What is VM Ready Queue & How Do You Manage it? | Turbonomic
You want to get the best possible performance for your applications, and logic might lead you to believe that more CPUs allocated to a VM would only improve performance, but the issue of Ready Queue defies that logic.
In this video you will learn why VM ready queue tends to defy logic and how you can manage it regardless of it’s many trappings.
The Ready Queue Conundrum: https://turbonomic.com/blog/on-technology/ops-mars-devs-venus-pt-2-ready-ready-queue-sizing-conundrum/
Why Over Provisioning Will Not Guarantee Perfomance: https://turbonomic.com/blog/on-turbonomic/why-over-provisioning-will-not-guarantee-performance/
Ready Queue Causes & Mitigation: https://turbonomic.com/blog/on-technology/ops-mars-devs-venus-ready-queue-pt-2/
About Turbonomic: https://turbonomic.com/
You know those frustrating application issues that pop-up and then disappear before you can trace root cause like a whack-a-mole game? The cause may not be your code, but rather VMs being too big.
You want to get the best possible performance for your apps, and logic might lead one to believe that more CPUs allocated to a VM would only improve performance, but the issue of Ready Queue defies that logic. Let’s see how.
A physical host with 16 cores that has been virtualized may share its physical resources with multiple virtual machines – sometimes 10 or more. This shared use of resources is one of the most powerful aspects of virtualization. But when a VM is over-sized, with say a 16 vCPU allocation, it takes up all resources on the host whether or not it actually needs those resources.
All other VMs, whether sized from 1 vCPU to 16 vCPU or anywhere in between, must then wait for that VM to complete its scheduled processes before they can begin their scheduled processes; creating latency in accessing compute cycles for all end-users tied to those VMs in the queue. In effect, the big VM at the table is hogging all the resources, likely far greater than it can use, causing the others to starve until its processing is done.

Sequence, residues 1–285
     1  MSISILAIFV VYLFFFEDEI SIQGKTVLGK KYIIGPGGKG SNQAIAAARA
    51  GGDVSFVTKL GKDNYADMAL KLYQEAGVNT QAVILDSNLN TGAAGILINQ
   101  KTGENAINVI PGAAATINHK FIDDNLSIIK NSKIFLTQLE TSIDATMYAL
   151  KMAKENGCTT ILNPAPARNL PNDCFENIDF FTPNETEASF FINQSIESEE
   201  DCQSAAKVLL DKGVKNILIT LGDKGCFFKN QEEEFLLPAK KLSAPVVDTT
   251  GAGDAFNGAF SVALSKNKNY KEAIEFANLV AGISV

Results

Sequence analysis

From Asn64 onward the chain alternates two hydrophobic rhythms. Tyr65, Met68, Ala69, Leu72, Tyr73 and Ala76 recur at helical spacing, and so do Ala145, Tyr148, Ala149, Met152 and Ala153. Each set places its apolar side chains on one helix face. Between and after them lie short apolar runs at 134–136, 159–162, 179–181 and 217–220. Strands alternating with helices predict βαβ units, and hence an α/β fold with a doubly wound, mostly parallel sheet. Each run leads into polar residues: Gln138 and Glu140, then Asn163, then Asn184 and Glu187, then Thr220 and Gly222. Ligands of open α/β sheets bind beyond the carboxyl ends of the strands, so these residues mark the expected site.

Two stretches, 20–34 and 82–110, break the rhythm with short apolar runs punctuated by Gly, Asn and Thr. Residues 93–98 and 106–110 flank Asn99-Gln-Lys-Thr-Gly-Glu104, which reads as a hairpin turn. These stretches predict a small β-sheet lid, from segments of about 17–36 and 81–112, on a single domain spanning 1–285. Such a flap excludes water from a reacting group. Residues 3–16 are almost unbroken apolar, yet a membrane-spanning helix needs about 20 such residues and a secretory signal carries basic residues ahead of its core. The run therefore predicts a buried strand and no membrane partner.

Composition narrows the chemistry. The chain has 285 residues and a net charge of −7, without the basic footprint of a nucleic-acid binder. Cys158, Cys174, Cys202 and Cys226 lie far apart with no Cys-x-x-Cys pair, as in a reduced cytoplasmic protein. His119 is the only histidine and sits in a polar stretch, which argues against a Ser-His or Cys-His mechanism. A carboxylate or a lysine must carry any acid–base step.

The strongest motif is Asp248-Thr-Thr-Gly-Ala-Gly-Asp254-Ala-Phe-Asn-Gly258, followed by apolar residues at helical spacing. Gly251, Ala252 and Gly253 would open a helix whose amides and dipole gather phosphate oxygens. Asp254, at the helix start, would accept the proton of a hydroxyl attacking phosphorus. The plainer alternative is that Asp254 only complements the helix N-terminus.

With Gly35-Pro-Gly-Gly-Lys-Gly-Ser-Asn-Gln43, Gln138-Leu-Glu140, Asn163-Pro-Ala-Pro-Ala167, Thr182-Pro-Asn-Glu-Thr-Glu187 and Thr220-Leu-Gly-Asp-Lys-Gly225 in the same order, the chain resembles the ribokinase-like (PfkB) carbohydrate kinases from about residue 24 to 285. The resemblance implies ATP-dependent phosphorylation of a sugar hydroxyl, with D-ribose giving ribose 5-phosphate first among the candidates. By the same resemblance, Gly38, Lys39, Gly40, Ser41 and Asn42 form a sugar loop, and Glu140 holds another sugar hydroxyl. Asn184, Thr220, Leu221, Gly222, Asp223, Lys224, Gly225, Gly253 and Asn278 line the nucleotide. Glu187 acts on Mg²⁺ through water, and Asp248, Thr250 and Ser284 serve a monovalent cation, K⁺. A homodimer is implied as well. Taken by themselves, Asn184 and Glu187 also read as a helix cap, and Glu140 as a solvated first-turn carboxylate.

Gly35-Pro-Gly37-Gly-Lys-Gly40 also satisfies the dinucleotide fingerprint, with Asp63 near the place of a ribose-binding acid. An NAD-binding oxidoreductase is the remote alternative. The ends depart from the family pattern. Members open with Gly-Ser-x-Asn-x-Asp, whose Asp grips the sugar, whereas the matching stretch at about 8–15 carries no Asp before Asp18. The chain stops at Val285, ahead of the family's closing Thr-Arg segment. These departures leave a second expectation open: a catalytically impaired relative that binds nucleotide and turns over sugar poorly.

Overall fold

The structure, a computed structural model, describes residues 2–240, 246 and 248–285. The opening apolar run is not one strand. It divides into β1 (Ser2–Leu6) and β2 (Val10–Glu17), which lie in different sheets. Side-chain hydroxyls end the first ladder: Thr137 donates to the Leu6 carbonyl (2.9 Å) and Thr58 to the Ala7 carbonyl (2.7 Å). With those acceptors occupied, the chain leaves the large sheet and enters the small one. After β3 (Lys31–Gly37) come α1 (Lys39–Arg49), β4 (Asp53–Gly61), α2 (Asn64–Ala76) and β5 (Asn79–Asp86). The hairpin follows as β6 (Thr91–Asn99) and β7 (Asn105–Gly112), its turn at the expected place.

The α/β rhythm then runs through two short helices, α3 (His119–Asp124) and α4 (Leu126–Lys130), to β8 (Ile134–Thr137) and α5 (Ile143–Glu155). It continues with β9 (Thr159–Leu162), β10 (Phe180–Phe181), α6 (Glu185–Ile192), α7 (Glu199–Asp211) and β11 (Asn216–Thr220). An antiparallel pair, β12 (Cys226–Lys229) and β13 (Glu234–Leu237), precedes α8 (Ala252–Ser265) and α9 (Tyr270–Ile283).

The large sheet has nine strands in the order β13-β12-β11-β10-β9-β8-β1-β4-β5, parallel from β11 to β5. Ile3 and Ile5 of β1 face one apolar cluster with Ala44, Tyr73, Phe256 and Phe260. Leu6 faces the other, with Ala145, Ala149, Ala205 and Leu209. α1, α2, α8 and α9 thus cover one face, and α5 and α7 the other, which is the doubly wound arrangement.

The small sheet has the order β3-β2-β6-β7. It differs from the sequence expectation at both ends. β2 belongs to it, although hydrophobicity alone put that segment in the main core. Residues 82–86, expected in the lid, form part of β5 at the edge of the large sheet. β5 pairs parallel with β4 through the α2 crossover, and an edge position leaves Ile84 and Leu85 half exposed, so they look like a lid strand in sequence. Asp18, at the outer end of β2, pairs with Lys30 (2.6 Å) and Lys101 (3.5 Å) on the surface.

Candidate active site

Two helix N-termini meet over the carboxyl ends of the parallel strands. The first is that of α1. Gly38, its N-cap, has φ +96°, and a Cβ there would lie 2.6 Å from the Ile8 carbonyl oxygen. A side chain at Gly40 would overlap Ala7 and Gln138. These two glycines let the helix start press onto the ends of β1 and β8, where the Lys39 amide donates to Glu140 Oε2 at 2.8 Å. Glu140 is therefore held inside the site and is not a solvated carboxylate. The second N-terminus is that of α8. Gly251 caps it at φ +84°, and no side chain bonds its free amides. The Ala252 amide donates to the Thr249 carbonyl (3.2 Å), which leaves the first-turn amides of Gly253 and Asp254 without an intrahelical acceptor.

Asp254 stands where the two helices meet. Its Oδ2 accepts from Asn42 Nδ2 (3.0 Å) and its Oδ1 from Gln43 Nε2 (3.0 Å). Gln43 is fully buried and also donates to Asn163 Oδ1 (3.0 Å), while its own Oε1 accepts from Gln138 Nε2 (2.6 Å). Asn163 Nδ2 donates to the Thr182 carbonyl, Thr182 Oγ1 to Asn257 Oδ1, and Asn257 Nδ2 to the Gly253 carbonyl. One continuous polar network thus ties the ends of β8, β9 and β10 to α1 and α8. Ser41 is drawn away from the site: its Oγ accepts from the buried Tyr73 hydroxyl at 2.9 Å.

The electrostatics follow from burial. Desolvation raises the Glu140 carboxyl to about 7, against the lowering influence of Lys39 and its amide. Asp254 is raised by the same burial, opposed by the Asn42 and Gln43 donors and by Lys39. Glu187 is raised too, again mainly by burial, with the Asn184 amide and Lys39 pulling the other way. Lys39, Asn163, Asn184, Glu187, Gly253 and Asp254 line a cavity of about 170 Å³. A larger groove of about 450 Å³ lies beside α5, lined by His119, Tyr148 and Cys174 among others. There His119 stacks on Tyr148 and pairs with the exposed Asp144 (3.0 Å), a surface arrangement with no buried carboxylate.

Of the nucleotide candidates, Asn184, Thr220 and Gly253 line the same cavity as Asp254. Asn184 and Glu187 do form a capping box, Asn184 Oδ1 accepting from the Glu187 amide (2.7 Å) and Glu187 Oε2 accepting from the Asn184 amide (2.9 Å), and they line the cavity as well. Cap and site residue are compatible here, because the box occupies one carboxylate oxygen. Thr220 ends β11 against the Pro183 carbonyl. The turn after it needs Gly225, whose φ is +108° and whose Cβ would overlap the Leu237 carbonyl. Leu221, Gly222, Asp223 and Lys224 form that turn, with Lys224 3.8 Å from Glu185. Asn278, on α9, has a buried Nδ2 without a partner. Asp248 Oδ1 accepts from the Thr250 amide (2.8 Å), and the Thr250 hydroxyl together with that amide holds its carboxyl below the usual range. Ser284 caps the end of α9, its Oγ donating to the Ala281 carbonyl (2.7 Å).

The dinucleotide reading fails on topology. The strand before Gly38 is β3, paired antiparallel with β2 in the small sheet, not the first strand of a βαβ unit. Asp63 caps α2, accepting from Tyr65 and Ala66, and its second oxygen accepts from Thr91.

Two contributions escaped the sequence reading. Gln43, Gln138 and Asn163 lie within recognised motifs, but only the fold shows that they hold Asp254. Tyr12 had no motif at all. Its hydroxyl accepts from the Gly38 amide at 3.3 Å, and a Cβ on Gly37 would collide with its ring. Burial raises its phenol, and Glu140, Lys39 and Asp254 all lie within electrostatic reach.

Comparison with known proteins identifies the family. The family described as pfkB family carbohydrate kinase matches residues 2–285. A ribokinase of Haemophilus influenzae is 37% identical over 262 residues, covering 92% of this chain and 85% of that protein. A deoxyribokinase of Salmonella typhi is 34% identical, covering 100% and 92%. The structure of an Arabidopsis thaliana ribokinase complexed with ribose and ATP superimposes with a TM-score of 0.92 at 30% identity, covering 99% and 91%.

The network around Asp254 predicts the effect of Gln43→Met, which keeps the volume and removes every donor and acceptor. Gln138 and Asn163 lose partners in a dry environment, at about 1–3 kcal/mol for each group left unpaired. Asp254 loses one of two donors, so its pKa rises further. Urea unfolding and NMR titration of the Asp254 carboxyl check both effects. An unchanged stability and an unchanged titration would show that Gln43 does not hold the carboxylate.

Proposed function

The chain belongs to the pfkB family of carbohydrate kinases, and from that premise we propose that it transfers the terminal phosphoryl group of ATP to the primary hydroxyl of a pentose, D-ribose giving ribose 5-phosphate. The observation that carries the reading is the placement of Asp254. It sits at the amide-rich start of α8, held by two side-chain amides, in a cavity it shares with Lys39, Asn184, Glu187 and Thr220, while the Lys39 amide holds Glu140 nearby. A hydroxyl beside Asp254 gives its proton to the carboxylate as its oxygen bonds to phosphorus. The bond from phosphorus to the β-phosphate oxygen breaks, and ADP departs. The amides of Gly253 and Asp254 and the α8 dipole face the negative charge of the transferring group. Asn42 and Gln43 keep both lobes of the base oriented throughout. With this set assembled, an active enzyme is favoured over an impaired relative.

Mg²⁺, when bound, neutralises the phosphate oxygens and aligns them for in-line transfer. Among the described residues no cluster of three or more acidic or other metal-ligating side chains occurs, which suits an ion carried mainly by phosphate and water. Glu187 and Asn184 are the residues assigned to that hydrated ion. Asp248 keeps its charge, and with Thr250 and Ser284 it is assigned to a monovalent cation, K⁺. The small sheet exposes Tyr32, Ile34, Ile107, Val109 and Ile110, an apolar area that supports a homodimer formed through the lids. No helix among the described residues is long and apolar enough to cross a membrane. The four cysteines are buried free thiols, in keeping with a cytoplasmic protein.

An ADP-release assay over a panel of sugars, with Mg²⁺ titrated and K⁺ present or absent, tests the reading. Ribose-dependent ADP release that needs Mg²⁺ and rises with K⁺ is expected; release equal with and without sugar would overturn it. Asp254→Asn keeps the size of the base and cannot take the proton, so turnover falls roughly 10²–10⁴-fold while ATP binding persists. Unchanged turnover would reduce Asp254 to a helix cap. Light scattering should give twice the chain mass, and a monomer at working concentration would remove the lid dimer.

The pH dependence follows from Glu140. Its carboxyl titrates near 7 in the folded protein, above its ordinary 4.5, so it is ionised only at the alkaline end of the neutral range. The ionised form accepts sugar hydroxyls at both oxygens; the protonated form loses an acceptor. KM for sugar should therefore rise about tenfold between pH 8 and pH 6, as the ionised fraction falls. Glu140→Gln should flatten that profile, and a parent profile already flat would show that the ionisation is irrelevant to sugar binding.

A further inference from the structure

A similar issue can arise when VMs are provisioned with over-allocated memory resources.However, if we re-size the VM to, say, 2 vCPU rather than 16, we see how physical resources are more efficiently allocated, reducing wait times for each VM to begin processing, increasing performance for all VMs and improving the end-user experience.
The other benefit of avoiding over-sizing is that each blade now has more room, meaning each VM has more options if it needs to move to avoid a noisy or busy neighbor. More options means better performance for every workload, including your own.
Given these issues, a best practice in a virtualized environment is to size a VM minimally, both on provisioning and after workload initialization, then add resources as end-user demand dictates. In virtualized environments, both virtual CPU and Memory resources can be added without needing to re-start the VM (a process known as “hot add”).
Cutting edge IT operations are making use of standardized VM deployment models with smaller initial VM sizing, and instead of manually configuring VMs one at a time, advanced automation is used to resize resources up to meet application workload demand in real time. This VM right sizing will actually improve application performance, while managing resources more effectively, and will also aim to optimize current workloads.
Turbonomic looks at all resources holistically, in real time, and understands the tradeoffs between not only CPU and Memory, but also network, storage, and indeed all aspects of the data center supply chain. Turbonomic then correlates those tradeoffs with application demand at that very moment. This enables every workload to get exactly the resources it needs in real time – no more, but importantly no less – to assure application performance for the end user.
By sizing VMs conservatively we can avoid CPU and Memory resource contention leading to latency and other performance degradation impacting end users, while hot adding resources to specific VMs like the one here when application demand increases. Current VMs in the infrastructure will be included in the auto upsizing program, combined with a downsizing program to get running VMs optimized, and increase utilization of datacenter hardware.
In this way, your environment will remain in a goldilocks state where no VM has too many – or too few – resources, and healthy application performance is assured, no matter how popular your apps become.